Elon Musk? Bill Gates? These are part of the class of super-rich in today’s world. In the ancient world control over technology, production, and transportation also led to the enrichment of the very wealthy. Over 2,000 years ago, the second richest man in the Roman world was a client king in a Roman satellite 1500 miles (2300 km) to the east of Rome. We are, of course, speaking of Herod the Great.
I’ve often wondered how Herod was able to fund his massive building projects – palaces in the desert like Masada, the largest religious complex in the world on the Temple Mount in Jerusalem, entire new cities with the latest building technology in Caesarea, and even the reshaping of a mountain to provide a suitable eternal resting place for himself at modestly named Herodium, and many others. Turns out that one of the main sources of his super-wealth was from one plant grown near the Dead Sea.
In the oasis of Ein Gedi was grown and processed the perfume of Judean balsam (the afarsimmon of the Bible). This special scent was derived from the sap of trees. Not even indigenous to this area but originating in the Indian subcontinent and Southeast Asia, the perfume was the most highly prized liquid in the Roman world. The collection and processing of the sap from this tree was done at high security installations and the communities which produced it were sworn to secrecy. A synagogue floor in Ein Gedi admonishes the congregants not to give up the “secrets” of the town. At an isolated outcropping near the ancient city of Ein Gedi and not too far from the fields there is the Arugot fort, thought by researchers to house the production center of Judean balsam in antiquity. Even today you will not find a signpost to this fort and it is “off limits” to those visiting the National Park, even though it has not produced a single gram of perfume in over 1700 years.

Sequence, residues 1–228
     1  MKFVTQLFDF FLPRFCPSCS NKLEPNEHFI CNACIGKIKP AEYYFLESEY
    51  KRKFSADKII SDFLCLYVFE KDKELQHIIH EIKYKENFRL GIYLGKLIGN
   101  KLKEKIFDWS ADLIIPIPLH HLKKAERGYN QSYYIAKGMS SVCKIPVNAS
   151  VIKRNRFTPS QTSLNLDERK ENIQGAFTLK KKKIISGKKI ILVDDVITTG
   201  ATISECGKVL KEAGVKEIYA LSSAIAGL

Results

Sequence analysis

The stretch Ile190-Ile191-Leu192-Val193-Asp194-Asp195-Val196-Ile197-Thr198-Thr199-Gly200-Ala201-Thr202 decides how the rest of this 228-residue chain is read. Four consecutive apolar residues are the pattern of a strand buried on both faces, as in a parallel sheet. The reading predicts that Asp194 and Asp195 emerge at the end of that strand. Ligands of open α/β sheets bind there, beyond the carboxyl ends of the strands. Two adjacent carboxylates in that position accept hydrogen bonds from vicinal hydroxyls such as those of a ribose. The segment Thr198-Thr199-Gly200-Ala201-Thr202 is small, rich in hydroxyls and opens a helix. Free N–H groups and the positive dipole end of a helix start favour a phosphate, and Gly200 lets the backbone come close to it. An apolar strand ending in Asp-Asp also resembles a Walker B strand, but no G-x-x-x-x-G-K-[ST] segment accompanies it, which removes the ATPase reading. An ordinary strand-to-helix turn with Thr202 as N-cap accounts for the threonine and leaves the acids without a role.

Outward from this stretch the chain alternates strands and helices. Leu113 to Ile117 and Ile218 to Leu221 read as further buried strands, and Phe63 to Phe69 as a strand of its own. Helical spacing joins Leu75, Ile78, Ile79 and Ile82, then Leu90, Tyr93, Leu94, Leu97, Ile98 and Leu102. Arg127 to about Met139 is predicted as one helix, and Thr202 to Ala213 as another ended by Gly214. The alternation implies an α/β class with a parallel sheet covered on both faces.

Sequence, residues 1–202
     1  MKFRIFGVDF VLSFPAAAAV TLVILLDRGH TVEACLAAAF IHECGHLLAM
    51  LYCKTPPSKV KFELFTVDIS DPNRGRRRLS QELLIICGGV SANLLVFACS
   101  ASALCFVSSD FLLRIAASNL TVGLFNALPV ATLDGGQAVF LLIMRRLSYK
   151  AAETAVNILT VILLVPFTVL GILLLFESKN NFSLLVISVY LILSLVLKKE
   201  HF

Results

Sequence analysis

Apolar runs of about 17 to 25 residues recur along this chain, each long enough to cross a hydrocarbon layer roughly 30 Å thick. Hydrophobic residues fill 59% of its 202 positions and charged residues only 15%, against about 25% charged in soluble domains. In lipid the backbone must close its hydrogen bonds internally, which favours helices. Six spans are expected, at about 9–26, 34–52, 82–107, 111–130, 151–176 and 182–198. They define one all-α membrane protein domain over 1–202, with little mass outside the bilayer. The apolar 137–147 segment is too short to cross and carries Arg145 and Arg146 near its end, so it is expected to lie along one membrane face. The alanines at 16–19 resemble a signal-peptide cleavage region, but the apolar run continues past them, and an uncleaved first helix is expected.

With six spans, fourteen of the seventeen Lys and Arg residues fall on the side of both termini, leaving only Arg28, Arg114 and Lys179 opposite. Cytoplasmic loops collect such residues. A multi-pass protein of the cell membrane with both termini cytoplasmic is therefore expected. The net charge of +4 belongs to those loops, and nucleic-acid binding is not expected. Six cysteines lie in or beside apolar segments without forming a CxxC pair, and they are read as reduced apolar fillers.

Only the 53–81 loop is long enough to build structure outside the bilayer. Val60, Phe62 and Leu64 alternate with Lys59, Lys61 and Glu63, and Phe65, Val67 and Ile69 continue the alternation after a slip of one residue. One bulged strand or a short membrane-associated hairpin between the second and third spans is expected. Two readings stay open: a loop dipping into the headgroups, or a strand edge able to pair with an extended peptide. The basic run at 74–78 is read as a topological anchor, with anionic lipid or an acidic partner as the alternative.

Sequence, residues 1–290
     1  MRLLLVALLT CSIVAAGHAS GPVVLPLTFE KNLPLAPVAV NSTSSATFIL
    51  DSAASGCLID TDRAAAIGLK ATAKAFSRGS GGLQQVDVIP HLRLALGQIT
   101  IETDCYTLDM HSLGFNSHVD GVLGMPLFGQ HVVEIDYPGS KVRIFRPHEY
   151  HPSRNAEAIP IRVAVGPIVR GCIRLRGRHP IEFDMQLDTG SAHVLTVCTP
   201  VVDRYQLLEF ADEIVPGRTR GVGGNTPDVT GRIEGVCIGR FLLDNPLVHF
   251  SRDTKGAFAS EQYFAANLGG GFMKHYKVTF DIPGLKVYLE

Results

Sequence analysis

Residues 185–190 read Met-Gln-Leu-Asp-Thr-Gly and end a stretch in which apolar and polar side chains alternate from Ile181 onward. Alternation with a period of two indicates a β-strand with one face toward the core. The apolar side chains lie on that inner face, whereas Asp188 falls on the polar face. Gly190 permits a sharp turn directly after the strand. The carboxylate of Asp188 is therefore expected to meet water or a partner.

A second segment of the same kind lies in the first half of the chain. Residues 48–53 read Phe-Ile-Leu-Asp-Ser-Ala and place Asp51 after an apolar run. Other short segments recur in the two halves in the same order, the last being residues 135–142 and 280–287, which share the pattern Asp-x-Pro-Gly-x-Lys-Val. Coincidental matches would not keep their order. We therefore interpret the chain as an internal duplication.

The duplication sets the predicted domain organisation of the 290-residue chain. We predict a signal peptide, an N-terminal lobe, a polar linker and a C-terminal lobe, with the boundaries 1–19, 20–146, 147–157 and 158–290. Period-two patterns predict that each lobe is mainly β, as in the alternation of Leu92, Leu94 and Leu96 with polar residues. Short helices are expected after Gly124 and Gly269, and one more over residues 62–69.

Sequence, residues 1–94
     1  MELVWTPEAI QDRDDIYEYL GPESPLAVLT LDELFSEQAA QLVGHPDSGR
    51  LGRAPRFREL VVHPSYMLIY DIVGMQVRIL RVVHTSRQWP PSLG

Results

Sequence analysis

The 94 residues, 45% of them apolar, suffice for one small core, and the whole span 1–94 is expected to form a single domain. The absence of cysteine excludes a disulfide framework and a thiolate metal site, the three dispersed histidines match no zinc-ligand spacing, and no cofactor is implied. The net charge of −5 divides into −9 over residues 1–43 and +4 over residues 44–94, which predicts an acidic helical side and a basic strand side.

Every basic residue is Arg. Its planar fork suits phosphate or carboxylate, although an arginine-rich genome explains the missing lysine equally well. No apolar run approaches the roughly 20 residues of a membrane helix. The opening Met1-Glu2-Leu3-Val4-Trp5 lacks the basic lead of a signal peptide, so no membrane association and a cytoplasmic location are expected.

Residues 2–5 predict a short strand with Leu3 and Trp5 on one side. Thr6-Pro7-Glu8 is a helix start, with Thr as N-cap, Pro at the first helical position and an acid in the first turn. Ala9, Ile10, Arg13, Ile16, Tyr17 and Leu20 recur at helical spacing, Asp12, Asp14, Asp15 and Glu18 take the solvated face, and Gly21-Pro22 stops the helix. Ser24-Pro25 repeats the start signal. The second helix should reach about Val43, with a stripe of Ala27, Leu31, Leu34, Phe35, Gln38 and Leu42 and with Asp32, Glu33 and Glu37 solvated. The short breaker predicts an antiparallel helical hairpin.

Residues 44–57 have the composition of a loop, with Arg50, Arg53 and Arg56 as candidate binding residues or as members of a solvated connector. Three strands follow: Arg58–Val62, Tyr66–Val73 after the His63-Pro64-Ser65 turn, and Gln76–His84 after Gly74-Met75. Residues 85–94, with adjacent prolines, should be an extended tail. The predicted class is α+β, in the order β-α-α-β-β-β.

International conflict and cooperation helped Herod achieve his goals and status. The perfume production and trade was the cause of conflict between Cleopatra from Egypt and Herod, with ultimately Herod gaining control over the prized area, and its important industries. The Nabateans to the south and east were also rivals and partners in the industrial base of this area. Herod’s own mother was a Nabatean princess. We see influence on Nabatean art, architecture and technology from Greece and Rome throughout time not only in Petra but in other Nabatean strongholds and waterworks. The Nabatean know-how on production of high-quality spices and perfumes surely flowed towards the coast, as well influencing Herod’s Judean balsam production.
Even building styles were shared between the super-rich of Petra and Herod. There is a cliff-side palace in Petra similar to the one in Masada. Herod’s funerary site in Herodium is similar in style to the “Treasury” in Petra.
Herod’s death and the political struggles afterwards brought an end to Jewish control over the Judean balsam trade as roads were taken over by the Romans who taxed transport of the precious perfume. Successive greedy governors and the eventual crumbling of Judea would move the wealth to the hills of Rome instead of the hills of Judea.
Little remains of the road system, forts, and production centers of the liquid gold of the Roman world – afarsimmon/Judean balsam. But Herod did leave us a reminder of this industrial powerhouse and his own personal wealth in his buildings, palaces, and cities.